Reducing PSAPs without considering the underlying network of dispatch centers – many of which remained open after the earlier consolidation – has resulted in “an emergency communication system that is more complex and fragmented than existed prior to the PSAP reduction,” the Kimball report finds.

The report identifies a number of adverse impacts, including an increase in the number of transferred calls and “rate shopping” that has led some municipalities to contract with different PSAPs for police, fire and emergency calls. Other issues include cost shifting from one entity to another, and “a lack of collaboration” between state, county and local agencies.

One of Kimball’s key findings is that, without doing more to align dispatch operations with the PSAPs that serve them, further consolidation of PSAPs may only further fragment emergency response, while not saving a significant amount of money.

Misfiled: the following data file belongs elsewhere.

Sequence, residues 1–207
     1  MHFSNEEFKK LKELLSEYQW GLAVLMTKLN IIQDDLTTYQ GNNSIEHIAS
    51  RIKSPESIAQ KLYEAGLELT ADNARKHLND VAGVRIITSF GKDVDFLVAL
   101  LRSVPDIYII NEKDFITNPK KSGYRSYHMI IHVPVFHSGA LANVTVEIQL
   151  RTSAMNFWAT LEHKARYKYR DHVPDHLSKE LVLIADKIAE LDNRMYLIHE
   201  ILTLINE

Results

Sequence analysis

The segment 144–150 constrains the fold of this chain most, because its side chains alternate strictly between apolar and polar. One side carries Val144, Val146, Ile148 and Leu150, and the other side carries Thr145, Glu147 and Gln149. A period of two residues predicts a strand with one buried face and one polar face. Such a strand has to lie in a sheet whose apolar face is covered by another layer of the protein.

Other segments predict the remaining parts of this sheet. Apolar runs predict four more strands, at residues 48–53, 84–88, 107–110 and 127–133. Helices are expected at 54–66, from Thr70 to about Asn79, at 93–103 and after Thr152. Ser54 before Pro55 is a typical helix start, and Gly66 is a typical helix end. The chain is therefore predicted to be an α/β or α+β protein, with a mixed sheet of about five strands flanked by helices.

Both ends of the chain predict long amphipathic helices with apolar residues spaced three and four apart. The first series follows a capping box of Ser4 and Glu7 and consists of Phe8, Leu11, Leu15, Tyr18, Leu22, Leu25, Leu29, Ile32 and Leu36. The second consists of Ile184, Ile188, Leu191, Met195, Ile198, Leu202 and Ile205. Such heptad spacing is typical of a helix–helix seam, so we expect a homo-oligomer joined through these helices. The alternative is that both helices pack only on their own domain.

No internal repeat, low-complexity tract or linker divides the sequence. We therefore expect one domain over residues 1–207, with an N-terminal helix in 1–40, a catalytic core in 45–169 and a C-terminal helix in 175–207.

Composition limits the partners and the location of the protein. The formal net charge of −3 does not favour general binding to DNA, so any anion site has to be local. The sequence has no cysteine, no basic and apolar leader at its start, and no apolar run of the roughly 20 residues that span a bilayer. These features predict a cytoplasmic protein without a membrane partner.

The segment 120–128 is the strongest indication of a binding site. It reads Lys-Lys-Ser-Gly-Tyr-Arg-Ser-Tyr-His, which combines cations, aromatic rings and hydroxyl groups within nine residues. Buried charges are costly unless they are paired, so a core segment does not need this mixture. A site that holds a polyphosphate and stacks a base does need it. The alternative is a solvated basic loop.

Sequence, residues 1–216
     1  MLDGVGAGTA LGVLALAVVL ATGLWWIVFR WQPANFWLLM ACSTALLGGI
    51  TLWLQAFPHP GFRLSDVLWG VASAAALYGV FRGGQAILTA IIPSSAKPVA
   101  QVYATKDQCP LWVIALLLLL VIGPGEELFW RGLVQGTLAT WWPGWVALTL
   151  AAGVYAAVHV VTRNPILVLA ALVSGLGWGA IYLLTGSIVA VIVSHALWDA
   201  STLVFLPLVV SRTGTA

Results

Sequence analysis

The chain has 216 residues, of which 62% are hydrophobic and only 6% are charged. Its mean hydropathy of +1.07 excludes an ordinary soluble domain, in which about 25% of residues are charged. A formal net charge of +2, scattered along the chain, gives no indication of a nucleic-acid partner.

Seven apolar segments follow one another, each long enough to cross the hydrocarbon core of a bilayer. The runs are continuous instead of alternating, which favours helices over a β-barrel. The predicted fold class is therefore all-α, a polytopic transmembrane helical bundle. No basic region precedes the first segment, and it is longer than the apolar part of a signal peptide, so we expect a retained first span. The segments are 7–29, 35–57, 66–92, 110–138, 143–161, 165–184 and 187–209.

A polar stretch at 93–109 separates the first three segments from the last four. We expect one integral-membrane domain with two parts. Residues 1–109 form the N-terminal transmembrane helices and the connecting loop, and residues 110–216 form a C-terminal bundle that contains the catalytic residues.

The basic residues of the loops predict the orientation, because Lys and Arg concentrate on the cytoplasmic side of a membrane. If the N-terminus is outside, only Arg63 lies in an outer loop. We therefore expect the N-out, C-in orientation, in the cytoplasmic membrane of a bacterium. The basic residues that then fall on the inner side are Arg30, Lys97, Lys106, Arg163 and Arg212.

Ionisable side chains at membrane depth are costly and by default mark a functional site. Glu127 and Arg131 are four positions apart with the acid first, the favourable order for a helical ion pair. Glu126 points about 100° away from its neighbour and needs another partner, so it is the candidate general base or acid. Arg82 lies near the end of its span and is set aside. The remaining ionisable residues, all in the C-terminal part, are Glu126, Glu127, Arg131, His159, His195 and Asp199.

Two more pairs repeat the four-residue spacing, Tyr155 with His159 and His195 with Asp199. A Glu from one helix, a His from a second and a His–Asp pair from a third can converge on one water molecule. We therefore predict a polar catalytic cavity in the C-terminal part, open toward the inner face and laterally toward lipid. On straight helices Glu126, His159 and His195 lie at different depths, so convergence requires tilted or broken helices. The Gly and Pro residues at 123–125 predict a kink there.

Municipalities that have cut their emergency communications expenses have done so by consolidating their dispatch centers. That can lead to significant savings in personnel costs.

The results of the earlier PUC consolidation of PSAPs bear this out. Most of the 22 PSAPs that were closed were municipal centers, but only a handful went out of the dispatch business. Many would have preferred to have kept their PSAPs, too.

Kennebec County Manager Bob Devlin, where the county gave up both its PSAP and its dispatch operation in favor of the state’s regional center in Augusta, said something had to change.Cumberland Regional Communications Center

He said, “States like New Hampshire and Rhode Island have two PSAPs for the whole state,” one of them a backup. “Kennebec County had five for just 117,000 people.”

While Gardiner and Kennebec County ended their dispatch operations, Augusta, Waterville and Winthrop – all former PSAPs – retained theirs.

Some dispatch operations are even smaller. On Mount Desert Island, whose four towns have a combined population of 11,000, there are three dispatch centers, in Bar Harbor, Mount Desert and Southwest Harbor.